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Strikes by temporary workers at Hyundai Motor spread

Posted November. 18, 2010 16:44,   


Around 9 a.m. Wednesday, the temporary workers` union at Hyundai Motor’s No. 3 factory in Ulsan sent to some 130 union members a text message saying, “Begin strike now.”

Those who got the message simultaneously walked off from assembly lines, which stopped thereafter.

○ Snowballing losses

A combined 3,200 workers including regular employees who work by day and employees from partner companies work at the factory. Though just 3 percent of staff stopped working, assembly lines ground to a halt because union members occupied the lines when substitute workers arrived on the scene.

Unionized workers occupied production lines for about three hours and left around 11:50 a.m. Production went online again at 1 p.m.

A similar situation happened at the carmaker’s No. 2 Ulsan factory. Production at the No. 1 plant was stopped for three days as of Wednesday as non-regular union members occupied the assembly line for car doors.

The automaker suffered 42 billion won (37 million U.S. dollars) in losses as the strikes prevented the production of 4,269 units.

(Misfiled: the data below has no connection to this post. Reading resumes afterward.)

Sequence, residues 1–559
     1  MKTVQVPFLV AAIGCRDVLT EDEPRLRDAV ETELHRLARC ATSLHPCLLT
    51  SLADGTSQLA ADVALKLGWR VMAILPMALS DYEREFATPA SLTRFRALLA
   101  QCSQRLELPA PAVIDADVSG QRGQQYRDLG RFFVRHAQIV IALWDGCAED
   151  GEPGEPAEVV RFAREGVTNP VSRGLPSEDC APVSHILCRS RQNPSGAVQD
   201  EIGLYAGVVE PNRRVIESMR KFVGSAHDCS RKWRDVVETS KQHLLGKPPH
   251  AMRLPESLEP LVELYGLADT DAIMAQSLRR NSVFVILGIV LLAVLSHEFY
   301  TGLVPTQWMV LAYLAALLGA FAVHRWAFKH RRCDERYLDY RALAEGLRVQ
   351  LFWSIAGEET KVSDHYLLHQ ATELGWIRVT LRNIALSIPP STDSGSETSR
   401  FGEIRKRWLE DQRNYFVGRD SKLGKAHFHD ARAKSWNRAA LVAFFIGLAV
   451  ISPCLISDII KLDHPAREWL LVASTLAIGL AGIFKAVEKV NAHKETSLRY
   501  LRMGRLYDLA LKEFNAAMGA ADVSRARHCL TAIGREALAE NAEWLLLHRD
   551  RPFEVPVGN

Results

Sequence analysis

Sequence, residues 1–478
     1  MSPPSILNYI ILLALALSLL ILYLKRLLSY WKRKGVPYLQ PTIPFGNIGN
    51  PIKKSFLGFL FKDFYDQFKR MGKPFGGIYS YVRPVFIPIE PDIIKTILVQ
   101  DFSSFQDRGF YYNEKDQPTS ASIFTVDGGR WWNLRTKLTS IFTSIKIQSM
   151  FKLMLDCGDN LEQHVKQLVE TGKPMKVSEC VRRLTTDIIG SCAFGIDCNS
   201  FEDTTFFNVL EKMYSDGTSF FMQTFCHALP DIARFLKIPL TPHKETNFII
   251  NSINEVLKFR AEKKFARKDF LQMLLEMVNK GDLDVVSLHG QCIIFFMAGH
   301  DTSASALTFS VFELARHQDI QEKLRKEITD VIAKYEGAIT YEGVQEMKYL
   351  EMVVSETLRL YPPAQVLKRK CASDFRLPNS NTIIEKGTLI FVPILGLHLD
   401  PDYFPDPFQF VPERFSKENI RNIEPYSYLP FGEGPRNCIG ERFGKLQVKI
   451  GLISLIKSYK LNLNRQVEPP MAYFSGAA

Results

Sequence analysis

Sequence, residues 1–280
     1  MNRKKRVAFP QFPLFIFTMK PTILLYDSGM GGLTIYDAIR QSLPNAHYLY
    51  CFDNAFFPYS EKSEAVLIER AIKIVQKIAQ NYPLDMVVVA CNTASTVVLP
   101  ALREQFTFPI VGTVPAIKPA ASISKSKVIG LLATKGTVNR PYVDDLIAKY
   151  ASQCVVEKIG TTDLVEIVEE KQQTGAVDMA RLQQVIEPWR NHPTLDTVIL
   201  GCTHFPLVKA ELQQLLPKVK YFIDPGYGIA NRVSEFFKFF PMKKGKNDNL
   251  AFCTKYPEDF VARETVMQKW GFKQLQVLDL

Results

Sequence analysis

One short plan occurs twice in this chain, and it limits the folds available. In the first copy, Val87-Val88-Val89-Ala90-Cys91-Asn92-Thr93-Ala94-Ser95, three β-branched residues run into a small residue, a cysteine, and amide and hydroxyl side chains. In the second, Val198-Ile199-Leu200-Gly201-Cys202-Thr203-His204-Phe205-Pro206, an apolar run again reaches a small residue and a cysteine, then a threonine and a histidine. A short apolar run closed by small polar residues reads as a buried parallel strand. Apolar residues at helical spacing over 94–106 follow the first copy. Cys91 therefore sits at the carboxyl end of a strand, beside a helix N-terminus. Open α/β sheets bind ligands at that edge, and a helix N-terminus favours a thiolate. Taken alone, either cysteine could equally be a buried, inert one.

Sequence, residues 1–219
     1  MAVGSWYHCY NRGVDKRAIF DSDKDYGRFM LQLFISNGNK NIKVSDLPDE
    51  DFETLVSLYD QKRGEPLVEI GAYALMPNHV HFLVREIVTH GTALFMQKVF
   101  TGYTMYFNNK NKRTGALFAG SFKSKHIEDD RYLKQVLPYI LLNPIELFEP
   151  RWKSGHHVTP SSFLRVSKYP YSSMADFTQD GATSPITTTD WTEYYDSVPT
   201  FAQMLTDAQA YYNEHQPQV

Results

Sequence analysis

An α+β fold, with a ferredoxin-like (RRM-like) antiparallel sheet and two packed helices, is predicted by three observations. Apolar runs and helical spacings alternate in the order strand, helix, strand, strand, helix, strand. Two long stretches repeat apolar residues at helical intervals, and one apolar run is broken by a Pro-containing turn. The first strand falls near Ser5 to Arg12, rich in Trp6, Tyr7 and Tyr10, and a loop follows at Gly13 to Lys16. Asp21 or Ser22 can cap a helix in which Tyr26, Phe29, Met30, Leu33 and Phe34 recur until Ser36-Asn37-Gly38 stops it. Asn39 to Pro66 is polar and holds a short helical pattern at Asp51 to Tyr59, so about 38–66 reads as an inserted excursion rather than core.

The union for non-regular workers said, “We will continue our strikes until Hyundai Motor converts employees of partner companies to permanent workers.”

Hyundai, however, said it has no labor contracts with staff of partner companies since the Supreme Court recognizes the independence of such companies’ owners.

○ Court ruling leads to strikes

The direct cause of the strikes was the request of Chungmoon Corp. to seal labor contracts with Hyundai. Chungmoon took the business right of Dongsung Corp., another partner company that worked with the seat division of Hyundai, after Dongsung folded due to internal problems.

Of 59 former Dongsung staff, 30 signed labor contracts with Hyundai but the remaining 29 went on strike, urging the company to make them permanent workers.

The Employment and Labor Ministry deemed the strikes illegal, however, since they are not about working conditions but about employment status.

A ministry official said, “On the application of the labor dispute mediation filed by the non-regular workers` union at Hyundai Motor Monday, the central labor committee said the strike doesn’t satisfy the conditions for a labor dispute since Hyundai is not the direct employer of the non-regular workers. Despite the ruling, they went on what can be considered illegal strikes.”

○ Firm response by police and prosecutors

Prosecutors in Ulsan called the strikes by the non-regular workers illegal, with one saying, “The request to confirm their employment status is not about working conditions so it doesn’t qualify as grounds for a strike.”

“A case rejected by the Supreme Court was sent to the Seoul High Court and the trial is underway, so we can say the strike is illegal based on the Supreme Court’s ruling.”

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